We’re always bombarded by how great it is to pursue your passion, etc – but we’ve spoken with enough people to know that it’s not always easy. Overall, would you say things have been easy for you?
When I think of things not being easy, I think of my step dad. Unfortunately, on March 31st 2019, less than a year ago he died due to multiple organ failure caused by a rare disease called Amyloidosis. Not even a full year out of graduating college my entire world was shattered. I would say all the 22 years, me being 23 now, no they weren’t easy, but I know I am a privileged young woman regardless of a loss like this one. In my grief, it is hard to remember if I did ever endure a more grueling pain. My dad was quick out of breath even during our vacation in California the weekend of my graduation. Come October of that same year,  my step grandpa had died, and the day of his funeral was to be the first day my stepdad was in the hospital. One of the many times he was hospitalized up until his death. Coming out of a really hard breakup, I had spent my time back in forth from LA to Houston, so fortunately through my depression over the breakup, I was granted more time with my stepdad that clearly I didn’t know would be the last. December 27th of 2019, was the last time I got to see and hug my stepdad. I had to fly back to LA early because I was starting a new job and moving into a new place. Throughout the months following, he was in and out of the hospital, so unsure as to what was the root issue. My mom had faith and was convinced a solution and cure would be found. He wasn’t diagnosed until the end of January, early February. At this time, I was so involved with proving myself out of this breakup that I was worth something regardless, probably so clouded and in shock with what was going on at home, I was deep into my evening length process. My stepdad had crashed on March 30th, getting the frantic call from my family. I was asked by my step aunt to get on a flight immediately because she feared he wouldn’t make a couple more nights, let alone two weeks, when I was to go home after my show was over. I had my last rehearsal scheduled for the following morning, thinking if I didn’t have this rehearsal, then I couldn’t do the show, then what was the point of any of this? Thinking, what was the point of me in general, as dramatic as that sounds, that is how I thought. My mom had faith and believed I would be okay, that I could fly home on the 1st. So I went home and had rehearsal the next day. The week before this, was the last time I spoke to my dad and his last words were to me “I love you and I am so proud of you.” Going home and being introduced to this level of grief has continued to show itself in the work I’ve made post his passing. I did however come back to LA and premiered my work. I could hear my dad in my head telling me to keep going and do this. This was my passion and my life’s work up to this point. The solos I made during my summer residencies were about my relationship to my dad in the physical world and the spiritual. This solo was created after a moment in the studio, where I would look to my right and I could see my dad in a big purple LSU long sleeve with his sunglasses on his head as he sat on metal bleachers as he shook his fist in the air as if he was cheering me on. In my 2nd residency, I explored all the spaces I had been in growing up. All the spaces, I had shared with my stepdad. Now I am in it, the eye of the storm. I am dreading and also really excited to be with my family to celebrate his life now coming up on the one year of his passing. I am challenged in my grief to seperate myself from the person my step dad saw me as to the person I feel I am, yet I don’t want to let go because it feels like I am letting him go. Being so young, I want to look at this as the wake up call, my step dad being my angel and beacon of light, encouraging me to tell MY story and be the fully emotional artist that I want to be.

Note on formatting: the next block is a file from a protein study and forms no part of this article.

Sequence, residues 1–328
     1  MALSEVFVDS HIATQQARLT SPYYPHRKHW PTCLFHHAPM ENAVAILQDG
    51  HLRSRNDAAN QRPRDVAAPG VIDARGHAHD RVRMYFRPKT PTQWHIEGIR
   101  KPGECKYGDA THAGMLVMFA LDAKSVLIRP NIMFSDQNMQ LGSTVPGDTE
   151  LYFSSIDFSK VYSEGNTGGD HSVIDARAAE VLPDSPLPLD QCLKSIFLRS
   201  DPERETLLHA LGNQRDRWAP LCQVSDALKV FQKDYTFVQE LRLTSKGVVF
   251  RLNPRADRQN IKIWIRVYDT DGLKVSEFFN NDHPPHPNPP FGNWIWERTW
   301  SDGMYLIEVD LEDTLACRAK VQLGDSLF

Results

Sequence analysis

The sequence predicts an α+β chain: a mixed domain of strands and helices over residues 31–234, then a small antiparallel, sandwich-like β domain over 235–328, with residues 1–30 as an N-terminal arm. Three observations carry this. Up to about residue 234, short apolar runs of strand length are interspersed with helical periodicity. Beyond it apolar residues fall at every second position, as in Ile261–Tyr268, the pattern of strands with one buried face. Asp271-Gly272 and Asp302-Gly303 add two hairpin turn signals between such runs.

We’d love to hear more about your business.
My business is definitely in the process of still being identified. Being a person who runs a mile a minute, I am still unsure as to what I want my brand/company to be. I am interested in having a dance company, production company, a theatre based movement group, and I am interested in working as a solo artist hired to direct movement in film/television/music videos. The ultimate goal is for my business to embody all of these desires into one. I plan to apply for a couple choreography and dance film competitions, as well as, aim to put on a small show/ team up for a split bill show one weekend. Working on being more patient, I am confident my business will continue to flourish if I continue to think “up” and manifest my dreams day by day!

What were you like growing up?
When I think of little Felicia I think; particular, outspoken, passionate to a fault, and a loner. In my childhood, at least the first 11 years of it, I was raised with loose boundaries. My parents were young and elected to follow the idea of spiritualism and free choice/decision. If I wanted to dress in my ‘Wizard of Oz’ Dorothy costume for a week straight, I would, and definitely did. I see what my parents were intending, however, I was met with extreme opposition once my parents were divorced and my mom remarried. Once I was born, my parents were off and on in their marriage, that I moved around a lot and that has yet to change to this day. I became very accustomed to spending time by myself, unfortunately, my sister, being about 4 ½ years older than me wasn’t all that interested in sharing and spending time together. My imagination was my best friend. I could live in a world that didn’t disappoint me. Something I would do often, was sit in my grandma’s bathroom sink and open who two mirror medicine cabinets and pull them in really close. When I would do that it would cause an almost kaleidoscope effect. The many images of me, I was obsessed. I feel in that moment, I introduced myself to the young, self involved and introspective artist, I was to become. My parents divorced when I was 8 years old and my mom got remarried a few years later. Throughout my pre-teen, teen, and young adult years, my stepdad enforced a lifestyle neither my sister or mom had experienced before including, structure, discipline, boundaries, and expectations we were demanded to have met. There were many challenges and arguments, granted, I wasn’t allowed to argue with him, so mostly it was made up of me receiving harsh criticism. Looking back, I realized I have taken myself far too seriously for someone so young. The many limitations I had set on myself trying to measure up to my stepdad’s standards, the multiple voices running through my head based on all the time I had by myself in those early years, all stem back to the melting pot of my upbringing.

Contact Info:

  • Phone: 2817239945
  • Email:

Image Credit:
Alex Rose- Yellow Flowers and tan outfit; Marissa Mooney- Orange Feather; Becca Green- main photo submitted